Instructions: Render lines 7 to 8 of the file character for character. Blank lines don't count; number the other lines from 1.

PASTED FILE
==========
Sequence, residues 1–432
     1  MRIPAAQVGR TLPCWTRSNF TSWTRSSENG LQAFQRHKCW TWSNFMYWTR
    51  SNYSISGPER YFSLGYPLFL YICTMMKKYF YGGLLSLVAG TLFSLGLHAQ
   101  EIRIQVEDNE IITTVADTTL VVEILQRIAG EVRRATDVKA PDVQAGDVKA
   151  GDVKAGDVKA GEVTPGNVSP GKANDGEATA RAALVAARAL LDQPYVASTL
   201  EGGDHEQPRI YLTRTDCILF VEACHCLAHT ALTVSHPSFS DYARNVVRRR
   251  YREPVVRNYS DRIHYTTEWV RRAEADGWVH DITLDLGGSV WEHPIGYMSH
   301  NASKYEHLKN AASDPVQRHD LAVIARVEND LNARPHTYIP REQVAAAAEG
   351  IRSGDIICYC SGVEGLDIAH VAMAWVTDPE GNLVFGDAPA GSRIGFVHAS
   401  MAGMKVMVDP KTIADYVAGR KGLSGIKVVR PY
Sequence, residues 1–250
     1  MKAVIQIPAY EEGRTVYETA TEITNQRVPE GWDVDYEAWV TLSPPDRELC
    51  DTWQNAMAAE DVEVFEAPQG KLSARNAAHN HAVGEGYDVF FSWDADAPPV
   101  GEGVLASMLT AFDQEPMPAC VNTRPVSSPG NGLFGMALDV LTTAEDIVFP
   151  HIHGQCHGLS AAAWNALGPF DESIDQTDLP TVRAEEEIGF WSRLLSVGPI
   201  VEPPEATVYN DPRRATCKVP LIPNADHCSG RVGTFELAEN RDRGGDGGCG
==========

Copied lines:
   251  YREPVVRNYS DRIHYTTEWV RRAEADGWVH DITLDLGGSV WEHPIGYMSH
   301  NASKYEHLKN AASDPVQRHD LAVIARVEND LNARPHTYIP REQVAAAAEG